Helping Mid-Level Managers Become Top Company Leaders

Operating a successful business requires both proficient management and adept leadership, but even good managers can lack the skills necessary to run a business.

Why is this so often the case?

In this blog post, we’ll explore the different skillsets required to transition into an executive leadership position and how you can help your mid-level managers bridge the gap.

What Is a Manager?

A manager is someone who is in charge of a specified group of tasks or a particular branch of a larger company.

Managers often have employees who report to them. They are typically responsible for the day-to-day workings of a business and frequently must direct a team or teams of people to accomplish the goals of the business owner. In short, they are working “in” the business instead of working “on” it. Their main job is to keeping things running smoothly, enabling the owner to concentrate on working “on” the business.

What Is a Leader?

A leader is a person who exerts influence over others, regardless of whether that person has a formal title or authority. There is often someone at work who employees default to when they have questions or need a sounding board. Whether this person is acting in an official capacity or not, he or she is a leader.

Leaders communicate clearly, teach effectively, facilitate trust and loyalty, and are capable of seeing the “bigger picture” when it comes to business. Some of these skills are necessary at the management level, but true leaders require fewer specialized skillsets and more of a “bigger picture” understanding of how their decisions will impact the business as a whole.

Helping Managers Bridge the Gap

To help a developing leader move into the leadership mindset, provide them with mentors. Whether you use internal or external help, this is a critical component for success. Start involving new leaders in the planning stages of projects, introduce them to new groups within the company or community, include them in meetings at higher levels, and have them attend training conferences and seminars. Sharing knowledge with others is one of the most effective ways to learn and develop, so have them mentor and teach others as well.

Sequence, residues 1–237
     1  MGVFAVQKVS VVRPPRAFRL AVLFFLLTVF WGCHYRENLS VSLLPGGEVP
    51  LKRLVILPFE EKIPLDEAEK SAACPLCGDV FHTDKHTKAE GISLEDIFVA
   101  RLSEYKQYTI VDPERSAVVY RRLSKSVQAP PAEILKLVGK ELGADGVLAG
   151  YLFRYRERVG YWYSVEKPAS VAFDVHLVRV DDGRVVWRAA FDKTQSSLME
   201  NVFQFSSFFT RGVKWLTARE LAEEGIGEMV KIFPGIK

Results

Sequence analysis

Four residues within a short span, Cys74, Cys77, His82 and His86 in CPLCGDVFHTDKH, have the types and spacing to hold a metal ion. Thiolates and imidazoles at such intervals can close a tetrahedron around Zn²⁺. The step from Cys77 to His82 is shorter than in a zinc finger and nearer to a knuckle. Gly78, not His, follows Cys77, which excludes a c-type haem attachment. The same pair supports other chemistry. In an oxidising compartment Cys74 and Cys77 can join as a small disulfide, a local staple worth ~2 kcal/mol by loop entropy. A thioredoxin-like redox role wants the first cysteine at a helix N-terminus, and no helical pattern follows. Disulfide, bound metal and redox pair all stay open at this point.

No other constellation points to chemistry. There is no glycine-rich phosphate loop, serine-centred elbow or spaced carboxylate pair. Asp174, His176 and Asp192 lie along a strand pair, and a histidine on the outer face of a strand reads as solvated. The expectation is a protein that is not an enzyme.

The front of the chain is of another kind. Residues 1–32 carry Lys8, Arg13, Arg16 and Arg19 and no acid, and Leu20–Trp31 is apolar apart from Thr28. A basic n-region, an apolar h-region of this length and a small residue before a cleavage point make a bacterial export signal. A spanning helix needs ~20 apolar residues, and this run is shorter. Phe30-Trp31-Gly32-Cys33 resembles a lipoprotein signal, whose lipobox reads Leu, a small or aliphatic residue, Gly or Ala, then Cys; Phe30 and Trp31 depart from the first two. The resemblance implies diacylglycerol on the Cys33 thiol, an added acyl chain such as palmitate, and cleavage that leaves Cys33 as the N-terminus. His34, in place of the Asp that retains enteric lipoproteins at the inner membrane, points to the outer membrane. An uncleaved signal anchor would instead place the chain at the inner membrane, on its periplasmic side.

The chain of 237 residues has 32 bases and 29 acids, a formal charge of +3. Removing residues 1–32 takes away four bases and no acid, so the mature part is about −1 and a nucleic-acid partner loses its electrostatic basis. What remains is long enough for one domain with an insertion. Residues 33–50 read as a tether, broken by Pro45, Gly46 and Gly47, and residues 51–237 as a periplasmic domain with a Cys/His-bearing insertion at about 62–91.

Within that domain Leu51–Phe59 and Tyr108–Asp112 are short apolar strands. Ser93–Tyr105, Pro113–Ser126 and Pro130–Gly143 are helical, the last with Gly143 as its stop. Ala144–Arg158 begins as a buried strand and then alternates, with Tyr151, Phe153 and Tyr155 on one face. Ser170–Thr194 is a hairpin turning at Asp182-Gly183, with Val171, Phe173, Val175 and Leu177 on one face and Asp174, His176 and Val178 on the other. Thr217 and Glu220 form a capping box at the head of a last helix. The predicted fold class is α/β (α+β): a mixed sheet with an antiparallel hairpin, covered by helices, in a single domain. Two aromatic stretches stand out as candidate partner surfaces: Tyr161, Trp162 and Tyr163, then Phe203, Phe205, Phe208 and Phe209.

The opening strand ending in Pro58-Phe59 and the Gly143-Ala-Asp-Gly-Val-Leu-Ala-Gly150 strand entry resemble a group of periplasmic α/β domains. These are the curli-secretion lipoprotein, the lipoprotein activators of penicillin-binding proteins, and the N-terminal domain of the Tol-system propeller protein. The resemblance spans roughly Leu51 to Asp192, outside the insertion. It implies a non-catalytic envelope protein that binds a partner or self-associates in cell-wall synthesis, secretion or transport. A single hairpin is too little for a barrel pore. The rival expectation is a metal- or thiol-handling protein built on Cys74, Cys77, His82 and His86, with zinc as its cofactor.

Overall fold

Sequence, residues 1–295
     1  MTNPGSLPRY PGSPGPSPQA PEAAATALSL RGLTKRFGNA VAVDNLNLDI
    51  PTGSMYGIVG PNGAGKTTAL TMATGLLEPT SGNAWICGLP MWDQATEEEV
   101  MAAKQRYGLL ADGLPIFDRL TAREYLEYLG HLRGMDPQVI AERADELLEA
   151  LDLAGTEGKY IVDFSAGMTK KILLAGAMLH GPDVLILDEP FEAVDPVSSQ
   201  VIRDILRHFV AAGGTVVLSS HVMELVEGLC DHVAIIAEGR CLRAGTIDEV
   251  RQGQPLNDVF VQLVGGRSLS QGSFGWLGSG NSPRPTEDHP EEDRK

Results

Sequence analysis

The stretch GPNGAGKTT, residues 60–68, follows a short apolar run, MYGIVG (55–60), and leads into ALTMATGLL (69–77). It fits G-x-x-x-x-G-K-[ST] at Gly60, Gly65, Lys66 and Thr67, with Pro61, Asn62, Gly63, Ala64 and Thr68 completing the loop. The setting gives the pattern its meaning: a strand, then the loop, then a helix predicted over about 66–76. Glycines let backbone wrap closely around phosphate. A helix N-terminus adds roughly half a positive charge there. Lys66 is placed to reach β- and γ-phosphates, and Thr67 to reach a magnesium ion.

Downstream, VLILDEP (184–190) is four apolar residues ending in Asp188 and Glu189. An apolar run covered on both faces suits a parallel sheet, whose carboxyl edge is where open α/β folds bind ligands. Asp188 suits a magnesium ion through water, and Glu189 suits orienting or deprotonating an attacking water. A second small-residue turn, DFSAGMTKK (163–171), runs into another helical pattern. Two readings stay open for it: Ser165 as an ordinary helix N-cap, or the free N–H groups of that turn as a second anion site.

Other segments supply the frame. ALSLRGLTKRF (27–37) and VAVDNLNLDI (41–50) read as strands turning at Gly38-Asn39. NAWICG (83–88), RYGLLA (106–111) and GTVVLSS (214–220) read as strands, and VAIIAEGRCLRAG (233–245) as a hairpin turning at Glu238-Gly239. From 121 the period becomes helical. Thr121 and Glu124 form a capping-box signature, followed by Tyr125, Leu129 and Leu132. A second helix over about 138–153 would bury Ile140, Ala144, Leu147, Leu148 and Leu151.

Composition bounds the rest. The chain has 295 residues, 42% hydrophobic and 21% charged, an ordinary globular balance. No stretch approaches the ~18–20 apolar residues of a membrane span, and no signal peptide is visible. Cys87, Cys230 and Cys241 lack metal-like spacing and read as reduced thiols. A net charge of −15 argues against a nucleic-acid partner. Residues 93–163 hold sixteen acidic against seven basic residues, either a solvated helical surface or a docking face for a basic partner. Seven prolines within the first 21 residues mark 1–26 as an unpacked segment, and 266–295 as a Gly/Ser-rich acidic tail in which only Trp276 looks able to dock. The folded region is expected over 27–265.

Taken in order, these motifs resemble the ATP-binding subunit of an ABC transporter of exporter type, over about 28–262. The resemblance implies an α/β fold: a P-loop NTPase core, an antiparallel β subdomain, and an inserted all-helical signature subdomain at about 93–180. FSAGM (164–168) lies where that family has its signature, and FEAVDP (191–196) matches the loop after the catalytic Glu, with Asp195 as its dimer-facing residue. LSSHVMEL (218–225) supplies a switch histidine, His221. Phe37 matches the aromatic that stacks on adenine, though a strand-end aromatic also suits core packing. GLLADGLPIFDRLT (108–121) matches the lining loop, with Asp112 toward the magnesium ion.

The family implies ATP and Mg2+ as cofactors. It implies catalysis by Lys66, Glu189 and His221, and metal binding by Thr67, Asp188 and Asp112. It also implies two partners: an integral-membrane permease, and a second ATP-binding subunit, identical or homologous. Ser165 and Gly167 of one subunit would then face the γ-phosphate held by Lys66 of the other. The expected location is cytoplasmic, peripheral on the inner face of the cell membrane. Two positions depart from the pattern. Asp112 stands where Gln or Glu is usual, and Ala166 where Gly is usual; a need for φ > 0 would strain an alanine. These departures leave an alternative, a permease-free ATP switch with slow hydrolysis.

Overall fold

Common Roadblocks

When moving from management into leadership, one of the primary adjustments that must take place is the shift from a specialist mindset to that of a generalist. Managers have lots of specific technical knowledge, while leaders should know just enough about all functions and departments to successfully run the business.

Leaders must be able to make decisions that will benefit the company as a whole. They should be able to speak the language of each function and provide translation when needed. Perhaps most importantly, leaders must be able to assess prospective talent effectively so they can place the right people in the positions, even without having deep personal expertise in those functional areas.

Another common roadblock for new managers-turned-leaders is shifting from the role of a managerial problem-solver to that of an agenda-setter. Business leaders must concentrate less on solving specific problems and more on determining which problems the business should tackle.

Embracing Empathy

Drs. Nikolaos Dimitriadis and Alexandros Pyschogios are the authors of a new book, Neuroscience for Leaders, which claims that becoming a good leader merely involves retraining our thought patterns. Rather than suppressing the emotional brain and attempting to be 100 percent rational all the time, leaders are encouraged to nurture their emotions and respond with empathy.

This approach is based on the neuroscientific understanding that the brain is mainly a social organ and that a healthy brain is nearly always emotional. The authors suggest that leaders learn to accept and embrace the emotional side of leadership instead of trying to ignore or remove it, arguing that exercising empathy in leadership engenders stronger connections within teams, improved signs of confidence, and better long-term business outcomes for everyone.

Contact CMOE today to learn more about transitioning mid-level managers into top leaders.

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About the Author


CMOE’s Design Team is comprised of individuals with diverse and complementary strengths, talents, education, and experience who have come together to bring a unique service to CMOE’s clients. Our team has a rich depth of knowledge, holding advanced degrees in areas such as business management, psychology, communication, human resource management, organizational development, and sociology.